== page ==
Regulation of Extracellular Fluids
• Excretory systems:
The removal from the body of the waste
products of metabolic pathways
Osmoregulation – control of the water
balance of the blood, tissue or cytoplasm
of a living organism.
• Excretion applies to metabolic waste
products that cross a plasma membrane.
• What are some wastes?
• Elimination is the removal of feces.
• Nitrogen wastes are a by product of
• The NH2 (amino group) combines with a
hydrogen ion (proton) to form ammonia
• Ammonia is very toxic and usually is
excreted directly by marine animals.
Terrestrial animals usually need to
• Ammonia is converted to urea, a
compound the body can tolerate at higher
concentrations than ammonia.
• Birds and insects secrete uric acid that
they make through large energy
expenditure but little water loss.
• Amphibians and mammals secrete urea
that they form in their liver. Amino groups
are turned into ammonia, which in turn is
converted to urea, dumped into the blood
and concentrated by the kidneys.
• Terrestrial animals use a variety of
methods to reduce water loss: living in
moist environments, developing
impermeable body coverings, production
of more concentrated urine.
• Water loss can be considerable: a person
in a 100 degree F temperature loses 1 liter
of water per hour.
Vertebrates Have Paired Kidneys p
• The urinary system is
made-up of the
bladder, and urethra.
• You must be able to draw kidney,
nephron, and glomerulus… go to study
guide p 101
• PUT IN DRAWING BOOK
Structure of the Kidney p 101
Renal capsule: a thin
Cortex: lightly colored
Medulla: darker inner
Renal pelvis: funnel
shaped cavity collects
Renal artery and vein
• The functional unit of the excretory system
or urinary system
• The nephron is a long thin tube
• closed at one end
• two twisted regions interspaced with a
long hair pin loop
• ends in a long straight portion and is
surrounded by capillaries
• Nephrons filter 125 ml of body fluid per
minute; filtering the entire body fluid
component 16 times each day.
• In a 24 hour period nephrons produce 180
liters of filtrate, of which 178.5 liters are
reabsorbed. The remaining 1.5 liters forms
The nephron has three functions:
1. Glomerular filtration of water and solutes
from the blood.
2. Tubular reabsorption of water and
conserved molecules back into the
3.Tubular secretion of ions and other waste
products from surrounding capillaries into
the distal tubule.
• Nephron anatomy
• Concentrating Urine - The Mammalian
• Animations and Tutorials
The steps in urine production or
• Blood enters the glomerulus under
• This causes water, small molecules (but
not macromolecules like proteins) and ions
to filter through the capillary walls into the
• This fluid is called nephric filtrate.
• Nephric filtrate collects within the
Bowman's capsule and then flows into the
• Here all of the glucose, and amino acids,
reabsorbed by active transport.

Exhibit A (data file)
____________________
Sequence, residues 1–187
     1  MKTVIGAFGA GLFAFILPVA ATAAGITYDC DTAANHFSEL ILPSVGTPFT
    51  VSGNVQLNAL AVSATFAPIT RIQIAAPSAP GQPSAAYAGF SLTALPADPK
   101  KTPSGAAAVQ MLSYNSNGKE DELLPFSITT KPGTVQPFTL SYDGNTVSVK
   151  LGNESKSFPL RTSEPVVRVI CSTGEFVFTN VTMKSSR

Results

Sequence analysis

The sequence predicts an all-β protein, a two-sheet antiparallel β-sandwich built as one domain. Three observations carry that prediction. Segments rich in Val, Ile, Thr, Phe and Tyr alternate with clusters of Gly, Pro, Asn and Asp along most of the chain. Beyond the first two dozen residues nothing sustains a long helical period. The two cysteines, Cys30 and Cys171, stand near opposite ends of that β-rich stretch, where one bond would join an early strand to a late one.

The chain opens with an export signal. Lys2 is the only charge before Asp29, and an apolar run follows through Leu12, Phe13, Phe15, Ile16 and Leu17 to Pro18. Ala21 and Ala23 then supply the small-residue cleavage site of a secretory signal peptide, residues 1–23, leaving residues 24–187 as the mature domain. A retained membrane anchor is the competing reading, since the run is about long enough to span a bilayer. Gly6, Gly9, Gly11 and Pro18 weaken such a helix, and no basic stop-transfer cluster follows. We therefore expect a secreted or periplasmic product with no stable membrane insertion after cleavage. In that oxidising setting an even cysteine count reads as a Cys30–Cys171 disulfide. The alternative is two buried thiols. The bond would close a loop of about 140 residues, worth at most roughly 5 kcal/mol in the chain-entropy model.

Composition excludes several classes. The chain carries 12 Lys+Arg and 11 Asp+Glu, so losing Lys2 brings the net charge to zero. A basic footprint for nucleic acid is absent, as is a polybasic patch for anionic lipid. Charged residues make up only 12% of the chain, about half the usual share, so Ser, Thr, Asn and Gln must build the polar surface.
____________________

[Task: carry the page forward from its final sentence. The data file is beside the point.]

• large volume of the water follows them by
osmosis (80–85% of the 180 liters
deposited in the Bowman's capsules in 24
• As the fluid flows into the descending
segment of the loop of Henle, water
continues to leave by osmosis because
the interstitial fluid is very hypertonic.
• This is caused by the active transport of
Na+ out of the tubular fluid as it moves up
the ascending segment of the loop of
• In the distal tubules, more sodium is
reclaimed by active transport, and still
more water follows by osmosis.
• Final adjustment of the sodium and water
content of the body occurs in the
collecting tubules. (ADH)
• Read this explanation of the process:
Regulating Blood Composition
.concentrations of various ions and other
important substances constant.
.volume of water in your body constant.
. acid/base concentration of your blood
. Removing wastes from your body.
• The kidney does this by a combination of three
• It filters 20 percent of the plasma and non-cell
elements from the blood into the inside of the
nephron (the lumen).
• It reabsorbs the components that the body
needs from the lumen back into the blood.
• It secretes some unwanted components from
the blood into the lumen of the nephron.
• glomerulus, blood plasma (the fluid
component of blood) is forced out of the
capillaries and into the nephron.
• Narrow spaces : proteins and RBC left
• Nephric filtrate
capsule and then
flows into the
• glucose, and amino acids, are
reabsorbed by active transport.
• Filtrate must now travel through a long and
winding tubular pathway, first through the
cortex, or outer portion of the kidney, then
the medulla, the deep portion.
• What happens to some of the substances which
travel down the tubule.
• Pay attention to glucose, water, and salts. You
need to know which is reabsorbed where, and
which requires active transport.
• Concentrating Urine - The Mammalian Kidney
Two major factors influence
• High concentration = more absorption …
up to a limit . There are only so many
transporters for each molecule and they
can only carry so many at a time
• Rate of flow of the filtrate meaning that if
the flow is quick there will be less
• The hypertonic interstitial fluid surrounding the
tubules provides a high osmotic pressure for the
removal of water.
• Transmembrane channels made of a protein
called aquaporin are inserted in the plasma
membrane greatly increasing its permeability to
water. (When open, an aquaporin channel
allows 3 billion molecules of water to pass
through each second.)
• Insertion of these water channels requires
signaling by the antidiuretic hormone
(ADH; also known as arginine
• Animation: Hormonal Communication
• The Mammalian Kidney
• Virtual Anatomy Lab